Nano Bar is a manifestation of Minttu
Despite the sterile environment, a penchant for Minttu might be enough to kick start a party. But not every Friday. Nano Bar is an emotionally cold meeting place for the small programme, but, every other week, they warm up for action on the dancefloor.
REVIEW: Nano Bar
Reviewed 12 May 2022 (late afternoon)
Friday bar for iNANO and nanoscience students
Where: Gustav Wieds Vej 14
Opening hours: Closes at 22:00 after a regular Friday bar and at 02:00 after a party
Signature drink: Minttu-shots
Bottled beer DKK 10
Draught beer DKK 15
Minttu shots DKK 5
- Good prices
- Lots of activities (bob, beer pong, table football and board games)
- Large venue (an obvious stop for a bar crawl on selected Fridays after 21:00)
- Large venue
- The good atmosphere is down to the bar staff and the bar’s few guests and NOT the surroundings
It’s no surprise that the Nano Bar has Minttu shots as its signature drink. The bar resembles the ‘legendary mint shot from Finland’ – clinically clear and clean and about as cosy and warm as peppermint. The white walls, the large windows and the metal go well with a blue shirt, but they turn the few green plants into foreign objects. The Nano Bar venue is enormous. Considering there are only 16 new nanoscience students a year, the room fills the guests with the same refreshing airy feeling as when drinking peppermint shots.
Two of the long tables are undeterred by the surroundings. One of them is engaged in a game that – for the uninitiated – appears a mystery. And the other is knocking back shots after a game of beer pong: haps, haps, haps, now they must have snaps! Or Minttu?
Despite the sterile environment, the room holds potential. There are tables long enough for two groups to casually fall into conversation, two sofa corners, room for a dance floor and activities such as boardgames, bob, beer pong and table football.
The theme for today – according to Facebook – is freshers’ bar, but, scattered around the room, masks of Tommy and Rasmus Seebach’s face adorn the walls. The bartenders are wearing the same masks, and the hollowed out, empty eyes are sinister to say the least, but the bar’s friendly service and unapologetic love for Minttu contrasts the lack of character, and that’s just how it is at Nano Bar.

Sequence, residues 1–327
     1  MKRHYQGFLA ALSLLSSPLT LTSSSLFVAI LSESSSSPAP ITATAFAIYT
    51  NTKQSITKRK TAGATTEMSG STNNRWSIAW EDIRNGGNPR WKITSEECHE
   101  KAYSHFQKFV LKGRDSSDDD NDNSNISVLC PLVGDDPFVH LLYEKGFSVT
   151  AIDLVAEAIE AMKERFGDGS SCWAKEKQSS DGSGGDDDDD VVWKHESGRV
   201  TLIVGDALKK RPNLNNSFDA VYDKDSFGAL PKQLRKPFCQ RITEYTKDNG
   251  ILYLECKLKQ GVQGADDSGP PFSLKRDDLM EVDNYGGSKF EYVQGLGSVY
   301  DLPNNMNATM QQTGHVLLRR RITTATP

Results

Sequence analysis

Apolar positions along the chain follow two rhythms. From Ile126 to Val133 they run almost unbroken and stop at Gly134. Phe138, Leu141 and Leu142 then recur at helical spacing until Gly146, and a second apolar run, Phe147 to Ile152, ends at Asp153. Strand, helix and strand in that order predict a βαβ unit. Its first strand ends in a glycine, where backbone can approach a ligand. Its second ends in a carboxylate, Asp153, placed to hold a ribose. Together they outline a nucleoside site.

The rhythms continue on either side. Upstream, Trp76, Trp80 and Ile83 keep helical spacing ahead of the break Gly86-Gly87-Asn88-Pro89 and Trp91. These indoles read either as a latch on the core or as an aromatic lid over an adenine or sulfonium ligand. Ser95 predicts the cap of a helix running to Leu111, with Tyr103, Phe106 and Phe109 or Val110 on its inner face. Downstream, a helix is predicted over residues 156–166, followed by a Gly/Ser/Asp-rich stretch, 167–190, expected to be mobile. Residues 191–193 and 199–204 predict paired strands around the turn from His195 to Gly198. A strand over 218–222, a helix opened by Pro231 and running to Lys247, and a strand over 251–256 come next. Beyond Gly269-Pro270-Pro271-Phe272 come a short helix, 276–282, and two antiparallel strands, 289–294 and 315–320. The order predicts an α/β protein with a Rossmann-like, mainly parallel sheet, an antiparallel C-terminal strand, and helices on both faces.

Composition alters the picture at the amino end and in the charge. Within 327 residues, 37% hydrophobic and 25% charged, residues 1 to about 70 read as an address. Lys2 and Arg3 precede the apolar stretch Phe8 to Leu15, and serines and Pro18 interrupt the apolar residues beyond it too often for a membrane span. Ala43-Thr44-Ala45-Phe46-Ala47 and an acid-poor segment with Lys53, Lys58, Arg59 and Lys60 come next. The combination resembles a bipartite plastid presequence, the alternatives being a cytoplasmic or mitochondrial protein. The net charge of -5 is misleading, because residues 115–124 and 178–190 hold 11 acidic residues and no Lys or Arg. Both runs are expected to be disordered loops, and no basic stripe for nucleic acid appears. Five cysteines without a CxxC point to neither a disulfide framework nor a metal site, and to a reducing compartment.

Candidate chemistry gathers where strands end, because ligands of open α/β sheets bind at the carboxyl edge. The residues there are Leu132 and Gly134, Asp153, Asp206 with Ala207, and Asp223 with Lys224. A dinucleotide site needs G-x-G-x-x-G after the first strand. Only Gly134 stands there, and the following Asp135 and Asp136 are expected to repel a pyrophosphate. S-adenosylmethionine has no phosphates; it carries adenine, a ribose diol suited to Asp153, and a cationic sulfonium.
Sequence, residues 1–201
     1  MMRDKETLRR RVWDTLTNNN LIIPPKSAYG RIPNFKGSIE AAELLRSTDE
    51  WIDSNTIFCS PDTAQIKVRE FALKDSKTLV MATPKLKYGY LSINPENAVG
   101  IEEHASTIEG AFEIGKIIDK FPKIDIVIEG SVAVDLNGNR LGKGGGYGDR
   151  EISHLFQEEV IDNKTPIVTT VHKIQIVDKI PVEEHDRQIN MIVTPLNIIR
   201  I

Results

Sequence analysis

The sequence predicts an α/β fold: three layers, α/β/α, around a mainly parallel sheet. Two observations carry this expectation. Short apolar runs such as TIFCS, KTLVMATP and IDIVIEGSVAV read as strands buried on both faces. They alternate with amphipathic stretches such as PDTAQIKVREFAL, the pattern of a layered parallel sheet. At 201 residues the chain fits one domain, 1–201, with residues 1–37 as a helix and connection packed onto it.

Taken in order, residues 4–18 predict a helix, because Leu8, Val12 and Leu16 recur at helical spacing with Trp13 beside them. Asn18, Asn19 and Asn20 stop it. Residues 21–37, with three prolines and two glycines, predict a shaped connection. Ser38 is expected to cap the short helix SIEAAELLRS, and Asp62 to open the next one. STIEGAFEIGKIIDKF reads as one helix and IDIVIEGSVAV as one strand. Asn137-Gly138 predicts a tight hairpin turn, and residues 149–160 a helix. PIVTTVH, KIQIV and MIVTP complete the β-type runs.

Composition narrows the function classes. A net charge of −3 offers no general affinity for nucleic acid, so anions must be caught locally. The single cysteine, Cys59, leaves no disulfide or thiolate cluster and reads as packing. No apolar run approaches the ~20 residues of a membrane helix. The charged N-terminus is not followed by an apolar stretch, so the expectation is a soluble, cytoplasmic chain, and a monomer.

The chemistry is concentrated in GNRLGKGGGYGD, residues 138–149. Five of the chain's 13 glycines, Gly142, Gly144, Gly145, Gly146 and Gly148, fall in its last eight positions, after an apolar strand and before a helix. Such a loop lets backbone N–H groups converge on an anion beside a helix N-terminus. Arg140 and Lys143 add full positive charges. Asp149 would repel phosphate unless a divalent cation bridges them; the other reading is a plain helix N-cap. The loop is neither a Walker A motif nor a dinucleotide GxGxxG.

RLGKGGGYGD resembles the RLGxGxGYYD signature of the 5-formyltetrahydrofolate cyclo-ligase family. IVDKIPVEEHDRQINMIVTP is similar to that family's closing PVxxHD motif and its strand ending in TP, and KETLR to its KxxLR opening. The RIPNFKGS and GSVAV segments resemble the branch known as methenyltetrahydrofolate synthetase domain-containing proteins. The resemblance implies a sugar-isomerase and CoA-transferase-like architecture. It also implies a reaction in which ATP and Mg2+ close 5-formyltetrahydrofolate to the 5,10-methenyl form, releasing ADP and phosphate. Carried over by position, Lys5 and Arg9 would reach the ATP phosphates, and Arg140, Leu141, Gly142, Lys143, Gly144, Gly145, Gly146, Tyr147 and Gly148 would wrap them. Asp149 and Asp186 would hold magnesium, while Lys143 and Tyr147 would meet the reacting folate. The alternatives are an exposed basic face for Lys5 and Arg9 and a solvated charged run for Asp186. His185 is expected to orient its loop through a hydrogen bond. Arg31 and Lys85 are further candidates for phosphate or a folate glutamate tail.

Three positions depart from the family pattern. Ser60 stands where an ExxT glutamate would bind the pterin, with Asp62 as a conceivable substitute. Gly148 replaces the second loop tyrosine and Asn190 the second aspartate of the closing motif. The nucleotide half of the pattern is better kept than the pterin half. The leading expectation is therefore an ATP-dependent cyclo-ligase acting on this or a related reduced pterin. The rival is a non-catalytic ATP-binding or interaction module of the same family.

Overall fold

(When we were there, a PhD reception was taking place on the opposite side of the room. This review is based solely on the Friday bar’s venue and the Friday bar’s guests.)
What do the regulars say about the bar?
Sofus Brahe is a nanoscience student:
“The reason I like the Nano Bar is that there aren’t too many people. It’s not crammed. It can be difficult to play beer pong at other Friday bars. Here you just find a table and get on with it. It’s cosy.”
A good bar
“Last week there was a birthday party with a dance floor. If there’s a party, people dance and really go for it – otherwise it’s just fairly quiet and cosy. People play lots of games. There aren’t many of us at Nano, so most of us know each other.”
What does the bar say?
‘Father of the bar’ Mathias Feldborg Mortensen from Nanoscience:
“This is a very small and cosy Friday bar. Our speciality is Minttu shots every Friday. Usually, the bar is a pre-party venue, but we also have some proper parties of our own: birthday parties, committee parties and the grønfest. This helps to nurture our own student community. We eat and drink wine, and the chairperson gives a short speech – the doors open at 21:00. It’s a great place to be if there’s a party-party! There is always a dance floor, and people love to come along.”
HOW WE WORK:
We send out two reviewers who start by hanging out in the bar for a while without making themselves known in order to get an impression of the atmosphere in the bar and facilities.
As a Friday Bar typically evolves from afternoon to evening, we make ourselves known and talk to guests and volunteers to get an impression of how the bar usually changes and what sort of mood the bar is hoping to achieve.
We don’t grade on a scale. The Friday Bars at AU are very different, so it can be difficult to compare and judge using the same criteria. Instead, we summarise our review in plus and minus sections.
Translated by Sarah Jennings